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Exhibition Exploring the Zodiac On View at the Jewish Museum

Marriage contract (ketubah), 1793, Ancona, Italy; bride: Simhah, daughter of Ephraim Prato; groom: Jacob Solomon, son of Shabbetai Hayyim Matirini; ink and paint on cut-out parchment. The Jewish Museum, New York, from the Elkan N. Adler Collection, S 604; Bing and Grøndahl, Copenhagen, presentation urn with a symbol of Virgo, 1853–94, painted ceramic. The Jewish Museum, New York, Gift of Dr. and Mrs. Asher Rosenberg and Mr. Felix Gruen, 1983-231

The Jewish Museum will present Signs and Symbols: The Zodiac from November 15, 2019 through September 14, 2020, featuring works from the Museum’s collection that depict the astrological signs. Jewish communities, adapting and adopting local practices over the centuries, incorporated these symbols into ceremonial objects, synagogue architecture, and art even though rabbinic authorities reject astrology as part of Jewish practice.

One of seven sections that make up the Jewish Museum’s third floor collection exhibition, Scenes from the Collection, “Signs and Symbols” explores the significance of a particular iconic element or motif in a variety of works.  Objects on view in The Zodiac range from c. 1300 to the 1950s and originate from Austria, Denmark, Germany, Iran, Israel, Italy, Poland, and the United States.

Depictions of zodiac signs display distinctive traits and also emulate other traditions. In Jewish contexts the sign of Aries is often a lamb, in accordance with the Hebrew name of the sign (talehor lamb), instead of the usual ram. Aquarius—dli (pail) in Hebrew—is a figure drawing water from a well or simply a bucket. Symbols were often divested of human representation, yet Virgo at times was rendered as a woman holding a flower following Christian tradition.  Such depictions were often included in richly decorated works used to mark life cycle events and holidays.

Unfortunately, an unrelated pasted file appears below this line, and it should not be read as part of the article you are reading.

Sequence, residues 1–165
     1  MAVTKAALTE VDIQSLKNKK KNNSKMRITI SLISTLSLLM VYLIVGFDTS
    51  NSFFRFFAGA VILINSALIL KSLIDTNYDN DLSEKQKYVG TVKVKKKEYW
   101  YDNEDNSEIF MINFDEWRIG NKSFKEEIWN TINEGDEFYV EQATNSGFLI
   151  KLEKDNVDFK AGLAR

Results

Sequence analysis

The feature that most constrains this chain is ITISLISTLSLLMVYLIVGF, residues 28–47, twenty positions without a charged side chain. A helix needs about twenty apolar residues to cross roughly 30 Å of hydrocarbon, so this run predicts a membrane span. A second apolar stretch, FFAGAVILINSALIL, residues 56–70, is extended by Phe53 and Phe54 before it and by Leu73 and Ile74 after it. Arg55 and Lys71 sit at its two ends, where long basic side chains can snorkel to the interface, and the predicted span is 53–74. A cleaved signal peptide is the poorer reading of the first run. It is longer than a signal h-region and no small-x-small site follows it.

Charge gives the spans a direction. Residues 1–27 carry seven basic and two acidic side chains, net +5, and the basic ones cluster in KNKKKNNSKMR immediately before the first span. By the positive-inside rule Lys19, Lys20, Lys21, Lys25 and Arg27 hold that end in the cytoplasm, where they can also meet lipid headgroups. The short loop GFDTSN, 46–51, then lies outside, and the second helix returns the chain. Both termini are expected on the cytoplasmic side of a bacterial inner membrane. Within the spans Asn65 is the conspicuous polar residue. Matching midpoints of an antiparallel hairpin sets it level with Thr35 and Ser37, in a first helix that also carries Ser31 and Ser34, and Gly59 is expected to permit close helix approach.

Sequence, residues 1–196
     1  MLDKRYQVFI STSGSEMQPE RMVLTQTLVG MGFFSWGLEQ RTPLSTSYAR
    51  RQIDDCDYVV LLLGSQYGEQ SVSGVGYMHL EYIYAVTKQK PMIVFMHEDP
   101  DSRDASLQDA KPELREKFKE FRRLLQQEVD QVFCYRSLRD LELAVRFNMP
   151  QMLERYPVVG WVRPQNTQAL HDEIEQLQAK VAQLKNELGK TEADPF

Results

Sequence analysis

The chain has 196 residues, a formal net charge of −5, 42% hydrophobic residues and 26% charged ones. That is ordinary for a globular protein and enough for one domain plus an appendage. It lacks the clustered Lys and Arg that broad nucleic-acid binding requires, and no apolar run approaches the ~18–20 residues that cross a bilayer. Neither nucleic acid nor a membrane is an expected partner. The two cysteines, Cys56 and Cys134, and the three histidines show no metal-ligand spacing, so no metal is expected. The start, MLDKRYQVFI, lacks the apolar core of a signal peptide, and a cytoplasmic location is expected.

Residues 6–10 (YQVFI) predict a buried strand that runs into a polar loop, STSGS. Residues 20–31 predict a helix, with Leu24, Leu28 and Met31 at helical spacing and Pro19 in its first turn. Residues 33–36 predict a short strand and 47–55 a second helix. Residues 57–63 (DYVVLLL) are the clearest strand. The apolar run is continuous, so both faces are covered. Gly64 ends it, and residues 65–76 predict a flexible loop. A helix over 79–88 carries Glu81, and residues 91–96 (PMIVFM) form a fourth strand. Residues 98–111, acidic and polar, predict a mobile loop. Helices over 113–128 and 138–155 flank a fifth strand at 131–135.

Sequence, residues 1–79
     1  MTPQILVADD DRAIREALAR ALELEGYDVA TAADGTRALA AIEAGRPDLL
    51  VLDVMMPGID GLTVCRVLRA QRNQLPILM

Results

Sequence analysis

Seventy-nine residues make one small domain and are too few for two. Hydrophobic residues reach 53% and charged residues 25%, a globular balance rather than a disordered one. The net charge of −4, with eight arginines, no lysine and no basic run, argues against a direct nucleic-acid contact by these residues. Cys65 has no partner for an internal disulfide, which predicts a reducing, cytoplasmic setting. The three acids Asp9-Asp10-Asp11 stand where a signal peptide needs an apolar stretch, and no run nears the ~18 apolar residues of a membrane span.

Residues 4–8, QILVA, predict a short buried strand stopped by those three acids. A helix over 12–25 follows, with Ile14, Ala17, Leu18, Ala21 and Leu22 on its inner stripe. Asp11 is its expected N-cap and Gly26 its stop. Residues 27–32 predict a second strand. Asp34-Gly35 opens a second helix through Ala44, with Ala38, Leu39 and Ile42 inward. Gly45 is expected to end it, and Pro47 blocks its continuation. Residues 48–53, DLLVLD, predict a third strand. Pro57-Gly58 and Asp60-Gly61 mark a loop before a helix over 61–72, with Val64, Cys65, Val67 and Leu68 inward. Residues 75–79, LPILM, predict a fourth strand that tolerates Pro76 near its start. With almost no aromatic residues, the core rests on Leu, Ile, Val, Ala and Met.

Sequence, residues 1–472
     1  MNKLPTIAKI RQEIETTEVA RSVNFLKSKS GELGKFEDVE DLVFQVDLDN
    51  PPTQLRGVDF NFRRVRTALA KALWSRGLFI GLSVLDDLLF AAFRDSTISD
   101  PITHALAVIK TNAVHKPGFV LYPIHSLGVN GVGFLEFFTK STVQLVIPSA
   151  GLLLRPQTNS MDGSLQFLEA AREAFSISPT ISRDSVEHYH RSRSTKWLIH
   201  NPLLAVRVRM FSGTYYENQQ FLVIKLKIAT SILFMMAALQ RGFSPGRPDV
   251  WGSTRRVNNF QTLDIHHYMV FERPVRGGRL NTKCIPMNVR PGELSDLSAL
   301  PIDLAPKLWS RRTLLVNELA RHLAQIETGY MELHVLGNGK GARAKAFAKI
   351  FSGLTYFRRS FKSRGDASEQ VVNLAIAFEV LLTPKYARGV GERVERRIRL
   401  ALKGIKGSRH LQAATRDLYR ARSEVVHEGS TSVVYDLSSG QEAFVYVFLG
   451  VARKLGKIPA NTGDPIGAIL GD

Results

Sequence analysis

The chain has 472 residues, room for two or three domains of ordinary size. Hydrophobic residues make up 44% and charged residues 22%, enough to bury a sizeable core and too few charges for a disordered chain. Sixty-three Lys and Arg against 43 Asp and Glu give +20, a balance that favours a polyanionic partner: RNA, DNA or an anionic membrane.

A 1958-59 wedding scene by artist Ilya Schor is flanked by the zodiac.  The twins of Gemini wear skullcaps and are ready to jump rope, a mischievous young archer takes aim as Sagittarius, a flying angel standing in for Aquarius pours water out of a jug, and Virgo has become a bride. Schor sought to create a style of art that embodied the folk culture of his Jewish childhood in Eastern Europe. This is one of two marriage blessings he made for his daughters as “a kind of artistic, historical, and spiritual dowry.” Zodiac symbols also appear in a 1793 Italian marriage contract. A nineteenth century Danish urn, presented as a wedding gift, features the symbol of Virgo.

A Torah crown created at the Bezalel School in Jerusalem in the 1910s exemplifies the school’s use of multiple techniques and materials with both Eastern and Western influences. An eighteenth century Torah crown and shield from Lwów (present-day Lviv, Ukraine) combine the zodiac with rococo forms common to synagogue design of the time.

Several objects on view are connected to specific Jewish holidays. A 1927 Purim wall decoration features fish for Pisces, the symbol for the Jewish month of Adar when the holiday is celebrated.  A small Hebrew calendar for the year 5704 (1943/44) was created in secret in Theresienstadt, a Nazi camp-ghetto that housed prisoners between 1941 and 1945. Its cover is decorated with all twelve symbols, corresponding to the months of the Jewish year.

The exhibition is organized by Claudia Nahson, Senior Curator, The Jewish Museum.

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